SANTA ANA, Calif. — Newly declassified segments from the diary of President Richard M. Nixon’s chief of staff provide a detailed, subtle portrait of the disgraced president as H.R. Haldeman recounts both high-stakes diplomacy and unscripted daily life that would never make a White House memo or official document.
More than 40 years after Haldeman made his last audio diary recording, the Richard Nixon Presidential Library & Museum in Yorba Linda on Thursday released 285 segments from entries spanning from 1970 to 1973. At the time, Nixon was engaged in delicate diplomacy that would lead to treaties to limit nuclear weapons and a reopening of China to the world.
The segments include a reference to top-secret intelligence briefings the Nixon administration provided to China, and they reveal Nixon’s private musings as he wrangled with the Soviet Union over limiting nuclear weapons.
Mixed in among the accounts of top-level diplomacy, however, are revealing nuggets of daily life: Haldeman surprising Nixon as he smoked a Russian cigarette after long negotiations with Soviet leaders, for example, and Nixon’s team struggling to stay sober at a Chinese banquet as they felt obligated to drink toast after toast with top Communist officials.
This combination makes the diaries unique and reveals almost as much about Nixon as it does about Haldeman, said Luke Nichter, a Nixon expert and history professor at Texas A&M University.
“It adds to this tapestry that we have on Nixon that we don’t have on anyone else,” he said. “These are not the White House talking points. This is what was really going on.”
Much of Haldeman’s account of Nixon’s February 1972 trip to China was made public earlier. But the declassified segments show the tension that was building between national security adviser Henry A. Kissinger and Secretary of State William Rogers as they tried to draft a communique about Taiwan that would satisfy China and conservatives back home. Kissinger set the stage for Nixon’s groundbreaking China trip with secret diplomatic meetings, while Rogers essentially was cut out.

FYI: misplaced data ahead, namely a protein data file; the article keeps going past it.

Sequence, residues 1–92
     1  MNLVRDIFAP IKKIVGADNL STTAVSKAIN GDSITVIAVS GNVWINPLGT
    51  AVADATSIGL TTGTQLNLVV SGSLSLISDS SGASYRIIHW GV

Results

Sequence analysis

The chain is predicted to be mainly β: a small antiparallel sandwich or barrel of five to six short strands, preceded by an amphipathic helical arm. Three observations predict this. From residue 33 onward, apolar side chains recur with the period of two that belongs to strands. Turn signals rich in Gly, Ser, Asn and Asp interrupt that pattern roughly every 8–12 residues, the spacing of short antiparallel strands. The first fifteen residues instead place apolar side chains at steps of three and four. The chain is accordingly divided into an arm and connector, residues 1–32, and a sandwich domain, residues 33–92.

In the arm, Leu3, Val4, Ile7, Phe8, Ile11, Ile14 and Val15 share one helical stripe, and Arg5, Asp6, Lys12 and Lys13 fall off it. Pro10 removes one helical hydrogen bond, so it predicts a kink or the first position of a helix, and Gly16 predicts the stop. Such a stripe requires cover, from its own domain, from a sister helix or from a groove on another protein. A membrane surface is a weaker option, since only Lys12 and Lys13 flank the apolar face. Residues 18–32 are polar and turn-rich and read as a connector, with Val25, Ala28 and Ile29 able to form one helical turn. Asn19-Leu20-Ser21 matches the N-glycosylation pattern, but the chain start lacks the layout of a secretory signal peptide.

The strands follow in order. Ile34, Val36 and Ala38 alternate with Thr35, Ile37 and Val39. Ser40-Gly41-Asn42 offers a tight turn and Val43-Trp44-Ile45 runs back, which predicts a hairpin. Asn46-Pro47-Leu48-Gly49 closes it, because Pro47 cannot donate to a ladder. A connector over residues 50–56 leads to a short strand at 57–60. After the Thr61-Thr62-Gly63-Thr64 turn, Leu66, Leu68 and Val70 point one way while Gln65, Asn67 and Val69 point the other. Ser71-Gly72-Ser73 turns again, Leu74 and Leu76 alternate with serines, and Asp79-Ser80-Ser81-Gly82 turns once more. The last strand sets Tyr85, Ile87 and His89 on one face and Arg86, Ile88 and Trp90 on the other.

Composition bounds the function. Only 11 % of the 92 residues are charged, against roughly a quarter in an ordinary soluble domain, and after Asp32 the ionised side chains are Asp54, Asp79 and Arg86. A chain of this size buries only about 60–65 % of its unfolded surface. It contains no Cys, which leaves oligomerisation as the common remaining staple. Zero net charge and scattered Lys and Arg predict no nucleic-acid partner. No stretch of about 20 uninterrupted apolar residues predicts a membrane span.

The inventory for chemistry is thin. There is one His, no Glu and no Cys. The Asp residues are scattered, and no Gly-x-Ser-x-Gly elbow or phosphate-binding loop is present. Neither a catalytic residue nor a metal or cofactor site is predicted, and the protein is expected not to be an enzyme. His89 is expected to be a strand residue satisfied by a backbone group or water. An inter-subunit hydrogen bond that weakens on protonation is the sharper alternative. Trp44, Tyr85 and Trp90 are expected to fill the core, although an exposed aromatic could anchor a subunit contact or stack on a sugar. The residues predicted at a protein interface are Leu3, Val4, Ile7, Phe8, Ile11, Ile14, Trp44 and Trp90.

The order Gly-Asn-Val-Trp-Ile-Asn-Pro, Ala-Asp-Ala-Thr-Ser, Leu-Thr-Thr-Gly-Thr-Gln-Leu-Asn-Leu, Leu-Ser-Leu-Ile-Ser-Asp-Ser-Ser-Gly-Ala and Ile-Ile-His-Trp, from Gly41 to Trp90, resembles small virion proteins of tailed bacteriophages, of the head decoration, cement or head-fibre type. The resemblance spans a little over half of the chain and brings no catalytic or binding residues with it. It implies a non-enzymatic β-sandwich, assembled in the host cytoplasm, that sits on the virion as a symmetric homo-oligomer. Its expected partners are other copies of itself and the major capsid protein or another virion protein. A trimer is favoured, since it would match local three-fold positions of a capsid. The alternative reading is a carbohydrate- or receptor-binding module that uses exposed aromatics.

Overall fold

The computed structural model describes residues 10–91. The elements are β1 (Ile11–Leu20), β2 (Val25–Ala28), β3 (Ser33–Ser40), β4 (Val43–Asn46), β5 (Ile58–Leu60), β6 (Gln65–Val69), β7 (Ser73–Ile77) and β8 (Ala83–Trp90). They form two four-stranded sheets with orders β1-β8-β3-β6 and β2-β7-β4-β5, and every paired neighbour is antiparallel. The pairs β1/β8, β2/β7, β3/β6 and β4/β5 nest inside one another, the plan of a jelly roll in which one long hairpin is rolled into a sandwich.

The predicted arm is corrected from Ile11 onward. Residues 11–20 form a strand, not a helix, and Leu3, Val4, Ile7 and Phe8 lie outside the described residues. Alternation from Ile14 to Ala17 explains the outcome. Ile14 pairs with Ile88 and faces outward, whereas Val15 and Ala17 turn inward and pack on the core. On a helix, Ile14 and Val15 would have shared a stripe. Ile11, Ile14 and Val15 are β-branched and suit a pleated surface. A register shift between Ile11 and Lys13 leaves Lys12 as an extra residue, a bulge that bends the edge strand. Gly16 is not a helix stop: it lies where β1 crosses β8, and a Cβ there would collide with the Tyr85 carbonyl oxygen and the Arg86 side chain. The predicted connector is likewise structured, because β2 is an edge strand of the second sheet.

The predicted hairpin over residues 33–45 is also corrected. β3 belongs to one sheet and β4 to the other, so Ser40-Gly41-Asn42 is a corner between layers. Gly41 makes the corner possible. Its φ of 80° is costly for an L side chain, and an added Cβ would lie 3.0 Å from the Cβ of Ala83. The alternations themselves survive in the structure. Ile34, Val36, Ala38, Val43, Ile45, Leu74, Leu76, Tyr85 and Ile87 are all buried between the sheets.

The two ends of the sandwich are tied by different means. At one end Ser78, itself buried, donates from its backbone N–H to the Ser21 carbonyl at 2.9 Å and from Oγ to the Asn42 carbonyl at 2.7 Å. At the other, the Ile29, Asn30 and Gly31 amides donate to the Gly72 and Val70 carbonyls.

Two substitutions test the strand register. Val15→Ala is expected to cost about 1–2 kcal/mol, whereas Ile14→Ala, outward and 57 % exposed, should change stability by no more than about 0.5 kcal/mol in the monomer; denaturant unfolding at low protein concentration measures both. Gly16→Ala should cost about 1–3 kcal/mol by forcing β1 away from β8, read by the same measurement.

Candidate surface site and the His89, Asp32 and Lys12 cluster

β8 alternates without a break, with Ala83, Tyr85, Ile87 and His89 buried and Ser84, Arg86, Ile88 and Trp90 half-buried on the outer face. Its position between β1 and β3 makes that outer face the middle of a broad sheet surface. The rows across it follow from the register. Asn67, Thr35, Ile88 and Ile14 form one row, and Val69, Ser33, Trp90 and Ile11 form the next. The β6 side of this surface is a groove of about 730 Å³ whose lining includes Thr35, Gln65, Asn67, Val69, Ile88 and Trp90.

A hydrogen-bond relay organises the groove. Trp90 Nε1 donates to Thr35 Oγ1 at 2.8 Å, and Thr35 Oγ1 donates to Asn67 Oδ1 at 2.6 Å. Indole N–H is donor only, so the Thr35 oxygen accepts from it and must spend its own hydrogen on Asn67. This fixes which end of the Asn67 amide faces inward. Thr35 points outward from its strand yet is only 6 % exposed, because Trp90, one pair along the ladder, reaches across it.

As talks on Taiwan drew to a close, Rogers insisted on presenting changes to the communique that almost derailed the process, the declassified entries show.
“Henry said that we now have a massive problem, because he took Rogers’s alterations in and the PRC really blew up,” Haldeman said on Feb. 26, 1972. “So, poor Henry’s had to struggle with that situation now. He sounded pretty tired, but said he was going to work it out somehow.”
Later, Haldeman alludes to a top-secret intelligence briefing to a top Chinese defense marshal concerning the threat to China from Soviet military forces along the Chinese-Soviet border. The disclosures were part of Nixon’s strategy of playing one communist country against the other to American advantage, but those intelligence briefings remained secret for decades until memos were declassified in 2003 after years of legal challenges.
In his diary, Haldeman mentions them almost in passing before moving on to a description of his visit to the Forbidden City.
The Chinese defense official “at dinner last night expressed enormous gratitude for the briefing we gave him on intelligence and so on, and that he had reported that to Chairman Mao, who was also very impressed,” Haldeman said in the Feb. 25, 1972, entry. “He said no one had ever dealt with them in such a straightforward fashion before and that they deeply appreciated it.”
Reading about such a high-stakes diplomatic move through Haldeman’s eyes is exciting for historians, Nichter said.
“We were sharing more with [the Chinese] than we were sharing, not only with our allies in the region, but also with Europe and our other allies around the world — and that’s shocking,” he said.
“This is what historians have long said, and Kissinger wouldn’t talk about it.”
The declassified recordings also include an entry from a Cabinet meeting Nixon held the day the U.S. and the Soviet Union announced a breakthrough in talks to limit nuclear armaments in 1971 and material on the Pentagon Papers, Vietnam talks, and diplomatic negotiations with India, Pakistan and Israel.
Haldeman, who died in 1993, kept a diary from 1969 to 1973 but switched from written to audio recordings in 1970.
Eleven segments remain classified.